Spinel

History
In Greek spinther means spark and in Latin spina means thorn. Spinel could derive from either term, the former referring to the gem’s lively sparkle and the latter hinting at the pointed crystal into which spinel grows by preference. For centuries, spinel was often confused with corundum, sharing many of its most desirable properties: a striking spectrum of colours, high refractive index, lively fire and resistant hardness. The confusion, usually made between red spinel and rubies, was sometimes a genuine mistake but also intentional on occasion. Only in more recent times, with the help of science, were the subtle distinctions between the two gemstone families able to be made.

 

The legendary Timur Ruby, weighing 361 carats, is probably the best-known spinel to be wrongly characterised as a ruby. Its history can be traced back to the 14th century, when it was stolen in Delhi by the Turcoman-Mongolian conqueror, Timur. From 1612, together with the Koh-i-noor diamond, it was held in India, Persia and Afghanistan, until it was presented to Queen Victoria of Great Britain in 1850. Since then, this prize jewel has been a striking member of the British Crown Jewels.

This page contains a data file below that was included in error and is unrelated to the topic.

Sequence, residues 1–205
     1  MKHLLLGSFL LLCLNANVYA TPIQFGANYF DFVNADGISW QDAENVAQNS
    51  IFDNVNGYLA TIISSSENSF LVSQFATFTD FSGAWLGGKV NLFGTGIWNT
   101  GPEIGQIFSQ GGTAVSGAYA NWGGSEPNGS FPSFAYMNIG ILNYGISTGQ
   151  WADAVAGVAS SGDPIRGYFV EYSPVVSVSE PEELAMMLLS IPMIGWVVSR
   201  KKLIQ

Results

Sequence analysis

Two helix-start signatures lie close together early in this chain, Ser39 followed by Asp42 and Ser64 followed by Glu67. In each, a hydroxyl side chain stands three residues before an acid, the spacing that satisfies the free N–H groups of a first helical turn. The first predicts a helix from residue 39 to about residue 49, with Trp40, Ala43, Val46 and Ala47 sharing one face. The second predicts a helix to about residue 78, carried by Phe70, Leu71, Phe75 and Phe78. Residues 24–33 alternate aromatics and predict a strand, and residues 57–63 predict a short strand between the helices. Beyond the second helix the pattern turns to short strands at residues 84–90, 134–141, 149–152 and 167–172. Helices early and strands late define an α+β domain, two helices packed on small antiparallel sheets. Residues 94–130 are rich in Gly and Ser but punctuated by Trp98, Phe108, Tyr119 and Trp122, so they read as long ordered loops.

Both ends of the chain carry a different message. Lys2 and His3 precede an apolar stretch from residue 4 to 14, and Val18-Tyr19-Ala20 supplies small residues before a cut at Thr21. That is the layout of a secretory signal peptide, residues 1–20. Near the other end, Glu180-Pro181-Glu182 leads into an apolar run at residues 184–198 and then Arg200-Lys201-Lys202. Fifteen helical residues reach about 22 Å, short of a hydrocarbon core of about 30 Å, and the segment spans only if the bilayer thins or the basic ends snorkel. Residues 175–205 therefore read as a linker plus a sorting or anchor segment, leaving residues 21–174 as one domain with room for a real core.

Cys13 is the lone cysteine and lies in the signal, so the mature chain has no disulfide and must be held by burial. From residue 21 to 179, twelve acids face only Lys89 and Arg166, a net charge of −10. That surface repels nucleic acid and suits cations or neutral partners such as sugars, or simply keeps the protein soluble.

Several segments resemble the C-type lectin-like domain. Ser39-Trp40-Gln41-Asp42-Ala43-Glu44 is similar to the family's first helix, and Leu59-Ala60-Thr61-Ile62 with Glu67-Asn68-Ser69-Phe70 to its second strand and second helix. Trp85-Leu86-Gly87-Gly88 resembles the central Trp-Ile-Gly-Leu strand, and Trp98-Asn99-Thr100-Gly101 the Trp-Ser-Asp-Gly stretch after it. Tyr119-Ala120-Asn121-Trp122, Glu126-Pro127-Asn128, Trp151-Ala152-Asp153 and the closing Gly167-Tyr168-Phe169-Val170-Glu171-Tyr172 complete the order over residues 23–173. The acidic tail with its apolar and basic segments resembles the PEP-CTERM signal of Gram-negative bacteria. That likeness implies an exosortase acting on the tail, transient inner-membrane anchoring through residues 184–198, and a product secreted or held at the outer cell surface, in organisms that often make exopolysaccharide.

To this day, the largest spinel to have been unearthed is a crystal of 520 carats. It is on display in London’s Natural History Museum along with a well-formed octahedron of 355 carats.

 

Colour
The spinel family is yet another gemstone family boasting most of the colours and shades of the rainbow. Yellow spinels are not known to date.

 

Gemmological Properties
Spinel is a magnesium aluminium oxide, which usually crystallises in sharply defined octahedra. An alteration in the original quantities of magnesium or aluminium causes different colours to occur in spinels when certain foreign elements are introduced into the original chemical composition. A red spinel owes its ruby-like quality to small quantities of aluminium replaced by chromium. The different reds of spinel, however, vary from blood red through brick red to rose red. The different blues of spinel are caused by iron, titanium or zinc replacing small percentages of magnesium.

 

Mining Areas
Spinel usually shares the same places of origin as corundum. Burma, Vietnam, Tajikistan, Tanzania and Thailand are probably the best-known of these; further important spinel deposits have also been found in Sri Lanka.